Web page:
Retro Splash: Thousands Attend Santa Monica Pier Paddleboarding Event
Once upon a time, in Santa Monica...
Saturday saw the return of the Santa Monica Pier Paddleboard Race and Ocean Festival as thousands of spectators watched hundreds of competitors from age 9-70+ honor the once popular Southern California sport of paddleboarding, according to Surfline.
A benefit for Heal the Bay and Santa Monica Pier Aquarium, the event was also part of the World Paddle Association's championship qualifying series. Dialy Ndiaye won the 5.5 mile course with a time of 54:12, lifeguard and prone paddler Anthony Vela took second with 54:31, and Candace Appleby was the fastest woman, scoring a win in the women's elite prone paddle. Complete results are available on the official Pier Paddle site.
"Bringing paddle sports back to the Santa Monica Bay and the Pier is a wonderful measure of Heal the Bay's 25-plus years of work to improve water quality," said Randi Parent, public outreach specialist at Heal the Bay's Santa Monica Pier Aquarium. "It's gratifying that the paddle sports community has come together to support a cleaner, healthier bay for the benefit of us all, and particularly for the marine life."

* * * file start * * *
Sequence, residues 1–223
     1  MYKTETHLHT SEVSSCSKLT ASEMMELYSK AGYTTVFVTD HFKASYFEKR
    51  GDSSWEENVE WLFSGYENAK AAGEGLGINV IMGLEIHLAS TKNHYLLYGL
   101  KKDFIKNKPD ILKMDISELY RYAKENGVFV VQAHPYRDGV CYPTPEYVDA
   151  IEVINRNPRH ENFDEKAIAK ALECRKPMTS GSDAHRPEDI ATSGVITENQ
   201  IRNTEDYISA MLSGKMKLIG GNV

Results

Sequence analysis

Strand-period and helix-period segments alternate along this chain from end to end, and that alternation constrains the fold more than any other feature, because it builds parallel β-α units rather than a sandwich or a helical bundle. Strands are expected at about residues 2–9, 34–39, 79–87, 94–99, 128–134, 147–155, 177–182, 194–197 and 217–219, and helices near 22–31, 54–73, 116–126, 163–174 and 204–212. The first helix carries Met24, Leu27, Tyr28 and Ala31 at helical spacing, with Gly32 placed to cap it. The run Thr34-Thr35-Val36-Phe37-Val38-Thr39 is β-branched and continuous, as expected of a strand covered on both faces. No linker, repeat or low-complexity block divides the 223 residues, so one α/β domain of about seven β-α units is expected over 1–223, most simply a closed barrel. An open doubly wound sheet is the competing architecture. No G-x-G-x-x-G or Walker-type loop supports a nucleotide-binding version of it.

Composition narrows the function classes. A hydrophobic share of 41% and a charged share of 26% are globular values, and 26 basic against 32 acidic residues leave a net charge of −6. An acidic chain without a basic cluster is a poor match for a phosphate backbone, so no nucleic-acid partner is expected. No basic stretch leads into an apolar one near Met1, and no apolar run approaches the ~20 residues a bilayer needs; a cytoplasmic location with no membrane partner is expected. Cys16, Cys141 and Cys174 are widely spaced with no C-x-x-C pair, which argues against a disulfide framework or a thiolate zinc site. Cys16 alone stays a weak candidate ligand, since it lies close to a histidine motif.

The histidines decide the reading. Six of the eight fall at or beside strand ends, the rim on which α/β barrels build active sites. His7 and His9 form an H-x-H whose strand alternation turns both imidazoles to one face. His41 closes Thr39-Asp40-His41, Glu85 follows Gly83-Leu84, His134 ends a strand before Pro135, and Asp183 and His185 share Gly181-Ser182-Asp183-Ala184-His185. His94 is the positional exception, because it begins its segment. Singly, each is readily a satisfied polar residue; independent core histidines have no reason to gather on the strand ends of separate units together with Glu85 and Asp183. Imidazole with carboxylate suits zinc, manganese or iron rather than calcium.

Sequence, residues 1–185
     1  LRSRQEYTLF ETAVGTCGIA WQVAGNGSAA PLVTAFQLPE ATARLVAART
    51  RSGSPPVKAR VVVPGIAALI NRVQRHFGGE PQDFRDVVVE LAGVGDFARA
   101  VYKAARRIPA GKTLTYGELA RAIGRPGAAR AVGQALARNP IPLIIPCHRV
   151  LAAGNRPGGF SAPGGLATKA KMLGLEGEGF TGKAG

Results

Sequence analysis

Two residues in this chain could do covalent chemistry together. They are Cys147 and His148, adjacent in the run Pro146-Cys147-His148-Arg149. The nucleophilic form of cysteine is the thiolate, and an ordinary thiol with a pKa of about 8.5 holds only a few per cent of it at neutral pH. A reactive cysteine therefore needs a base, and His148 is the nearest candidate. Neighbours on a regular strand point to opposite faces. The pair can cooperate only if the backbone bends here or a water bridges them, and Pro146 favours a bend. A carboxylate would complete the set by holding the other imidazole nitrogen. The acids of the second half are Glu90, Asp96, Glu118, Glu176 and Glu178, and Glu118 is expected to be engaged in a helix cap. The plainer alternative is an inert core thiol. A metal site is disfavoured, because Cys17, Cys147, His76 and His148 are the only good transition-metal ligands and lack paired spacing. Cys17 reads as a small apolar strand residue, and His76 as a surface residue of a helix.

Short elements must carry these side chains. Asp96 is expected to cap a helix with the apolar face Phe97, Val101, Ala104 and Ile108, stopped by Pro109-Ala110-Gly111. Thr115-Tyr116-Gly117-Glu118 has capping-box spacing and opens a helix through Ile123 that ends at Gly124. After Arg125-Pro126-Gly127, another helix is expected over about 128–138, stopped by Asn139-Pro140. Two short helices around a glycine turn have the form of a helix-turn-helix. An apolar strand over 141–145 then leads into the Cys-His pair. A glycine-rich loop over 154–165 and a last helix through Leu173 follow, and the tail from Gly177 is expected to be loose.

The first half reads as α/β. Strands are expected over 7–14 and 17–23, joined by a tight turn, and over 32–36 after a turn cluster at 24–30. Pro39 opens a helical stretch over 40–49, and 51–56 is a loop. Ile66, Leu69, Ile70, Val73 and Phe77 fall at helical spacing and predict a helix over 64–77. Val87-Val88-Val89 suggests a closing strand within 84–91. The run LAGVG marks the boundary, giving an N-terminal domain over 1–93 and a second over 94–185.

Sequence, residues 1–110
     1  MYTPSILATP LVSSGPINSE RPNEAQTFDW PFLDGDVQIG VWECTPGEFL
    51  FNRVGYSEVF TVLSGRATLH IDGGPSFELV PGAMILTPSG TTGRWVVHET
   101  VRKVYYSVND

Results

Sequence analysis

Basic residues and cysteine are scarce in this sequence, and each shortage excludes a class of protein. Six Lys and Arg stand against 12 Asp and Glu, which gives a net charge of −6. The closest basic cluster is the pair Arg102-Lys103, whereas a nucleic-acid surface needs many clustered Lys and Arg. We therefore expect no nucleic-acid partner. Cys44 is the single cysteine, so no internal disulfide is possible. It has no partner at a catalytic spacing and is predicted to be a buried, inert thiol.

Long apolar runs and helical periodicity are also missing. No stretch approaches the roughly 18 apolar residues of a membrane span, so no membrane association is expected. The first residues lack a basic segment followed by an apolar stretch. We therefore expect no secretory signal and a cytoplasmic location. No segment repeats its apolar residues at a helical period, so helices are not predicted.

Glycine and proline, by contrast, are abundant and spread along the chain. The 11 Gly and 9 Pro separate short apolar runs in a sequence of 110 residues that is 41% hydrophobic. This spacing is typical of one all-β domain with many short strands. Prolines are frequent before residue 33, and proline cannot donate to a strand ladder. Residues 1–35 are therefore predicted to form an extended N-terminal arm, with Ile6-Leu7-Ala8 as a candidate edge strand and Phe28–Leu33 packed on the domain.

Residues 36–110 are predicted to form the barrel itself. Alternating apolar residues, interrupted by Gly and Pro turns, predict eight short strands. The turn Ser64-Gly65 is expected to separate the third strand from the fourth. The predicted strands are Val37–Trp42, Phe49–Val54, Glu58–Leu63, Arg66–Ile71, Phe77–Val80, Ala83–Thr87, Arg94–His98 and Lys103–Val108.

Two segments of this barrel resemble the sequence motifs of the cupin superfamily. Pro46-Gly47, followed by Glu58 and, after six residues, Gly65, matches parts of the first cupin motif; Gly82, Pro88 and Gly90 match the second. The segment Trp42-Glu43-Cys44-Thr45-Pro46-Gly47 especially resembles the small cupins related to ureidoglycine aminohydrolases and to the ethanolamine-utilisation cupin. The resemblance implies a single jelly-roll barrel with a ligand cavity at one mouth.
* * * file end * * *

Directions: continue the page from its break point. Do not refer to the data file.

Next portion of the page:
Just in time for the weekend retro splash, KCET took an in-depth look at this lost water sport's deep Southern California history.
Unlike today's judged surfing competitions that emphasize skilled performance, early contests were organized as races, with surfers beginning on the beach, paddling to a buoy or marker, and then turning around to ride a wave back to a designated point on the shore. Speed in paddling, then, was a prized skill, and some of surfing's early legends were renowned for their paddling abilities in addition to their wave riding talents. It wasn't until the early 1930s that paddleboarding emerged as a distinct sport. In 1926, legendary surfer Tom Blake—an itinerant who spent much of his time in Southern California—optimized the design of the traditional Hawaiian surf board for swift paddling. Drilling hundreds of holes into a redwood plank and then covering them with a thin layer of wood, Blake reduced the weight of the 15 foot-long board from 150 to 100 pounds.